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BMCC 4K Gets 50/60i?


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Seems like a good time to ask. What is the point of interlaced footage?


Actually it's non-moving shots that interlacing helps. For a given bit rate, you have a certain amount of resolution you can represent. On progressive scan you have to show every line in the same frame, so there's less information you can squeeze into that bit rate. If you instead skip every other line for one frame and do them on the next, and back and forth, you can represent the same resolution at half the bit rate. However, when your footage is in motion, there will be scan lines on the edges of the motion as you are combining two different frames where the subject was in two different places.


That's an ugly artifact and for fast-motion shots you would often rather do 720p than 1080i. But for still shots with no changes from frame to frame 1080i is essentially just as good as 1080p yet half the bandwidth, and for the same e.g. 50Mbps bandwidth the 1080i will actually be better than what you can do 1080p at least with an intraframe codec. Long GOP codecs like H.264 relieve a lot of that problem by incorporating information from multiple frames, but introduce other artifacts of their own.


You can interpolate 1080i60 to 1080p60 for slo-mo but you do run the risk of the interlacing artifacts on edges. This is how you can get slo-mo on the C100 for instance. All the 4K modes for the BMD listed are progressive and therefore can't be used for slo-mo other than with something like Twixtor if that supports 4K now.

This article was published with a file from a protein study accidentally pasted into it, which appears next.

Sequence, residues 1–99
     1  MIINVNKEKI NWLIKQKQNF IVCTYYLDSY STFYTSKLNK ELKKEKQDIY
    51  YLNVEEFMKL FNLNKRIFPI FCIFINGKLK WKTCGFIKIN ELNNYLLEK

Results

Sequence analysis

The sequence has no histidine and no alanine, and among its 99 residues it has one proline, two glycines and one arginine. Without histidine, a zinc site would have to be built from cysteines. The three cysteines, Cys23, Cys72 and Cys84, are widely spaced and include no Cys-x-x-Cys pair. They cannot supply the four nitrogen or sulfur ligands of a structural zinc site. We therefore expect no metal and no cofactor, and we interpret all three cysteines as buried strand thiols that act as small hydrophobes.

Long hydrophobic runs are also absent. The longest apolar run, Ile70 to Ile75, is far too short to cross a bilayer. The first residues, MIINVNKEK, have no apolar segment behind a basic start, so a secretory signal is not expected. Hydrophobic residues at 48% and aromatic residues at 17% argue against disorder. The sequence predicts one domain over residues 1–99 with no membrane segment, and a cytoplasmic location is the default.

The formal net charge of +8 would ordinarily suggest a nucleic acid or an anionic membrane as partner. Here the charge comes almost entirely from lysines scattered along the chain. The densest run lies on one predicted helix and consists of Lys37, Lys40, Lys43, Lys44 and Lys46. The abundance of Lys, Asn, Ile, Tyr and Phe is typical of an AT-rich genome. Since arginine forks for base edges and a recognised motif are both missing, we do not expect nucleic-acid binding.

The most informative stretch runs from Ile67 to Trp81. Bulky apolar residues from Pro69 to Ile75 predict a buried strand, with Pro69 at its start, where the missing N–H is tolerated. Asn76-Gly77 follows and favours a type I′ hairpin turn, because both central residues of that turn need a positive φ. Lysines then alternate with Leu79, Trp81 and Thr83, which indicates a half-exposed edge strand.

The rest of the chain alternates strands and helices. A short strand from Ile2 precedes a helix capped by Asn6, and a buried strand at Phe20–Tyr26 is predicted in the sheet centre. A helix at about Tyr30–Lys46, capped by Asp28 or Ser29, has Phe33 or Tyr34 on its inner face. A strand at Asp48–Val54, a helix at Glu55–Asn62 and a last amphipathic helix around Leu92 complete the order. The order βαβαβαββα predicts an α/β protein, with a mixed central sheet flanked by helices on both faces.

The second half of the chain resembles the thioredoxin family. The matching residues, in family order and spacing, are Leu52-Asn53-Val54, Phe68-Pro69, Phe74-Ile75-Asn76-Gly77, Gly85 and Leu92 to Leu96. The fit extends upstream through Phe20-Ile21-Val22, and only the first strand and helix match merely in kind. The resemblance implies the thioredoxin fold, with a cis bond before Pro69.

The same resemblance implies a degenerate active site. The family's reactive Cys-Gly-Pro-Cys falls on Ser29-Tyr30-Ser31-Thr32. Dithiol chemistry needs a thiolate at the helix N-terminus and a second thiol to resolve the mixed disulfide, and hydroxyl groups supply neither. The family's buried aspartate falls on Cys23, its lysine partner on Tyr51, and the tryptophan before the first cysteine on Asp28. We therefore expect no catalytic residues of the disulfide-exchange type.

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A lot of misconceptions about interlacing here. Interlacing is a method to get 50/60 fps into the same bandwidth as 25/30 fps. It just basically halves the resolution. Because they way interlaced televisions showed the image (one line after the next) it looked pretty much as running at 50/60 fps. Except the resolution was lower.


But the thing is. It's not fake. It actually is 50/60 fps. So you can get slowmotion out of the C100 and BMCC (if it can do 50/60i) if you handle the interlacing properly. The end resolution would be 1920x540 per frame. 


There isn't supposed to be artifacts anywhere if the interlacing is handled properly.

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I used to use this trick to get 60p from 60i footage on my Sony EX-F1.... The resolution drop really isn't that noticable, it will be usable for certain shots.


It's a free little feature, so just test it and see if you like it. If i were delivering a wedding video or something, a few 60i to 60p shots would probably work well and i doubt anywould would notice the drop in resolution, because they would be enjoying the slow motion effect.

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That kind off attitude means you won't be shooting anything worth seeing.


Fortunately a few distributors have thought differently, and they all demanded 1080p. :)


Getting a 4k camera to shoot half 1080p res is kind of missing the point, don't you think?

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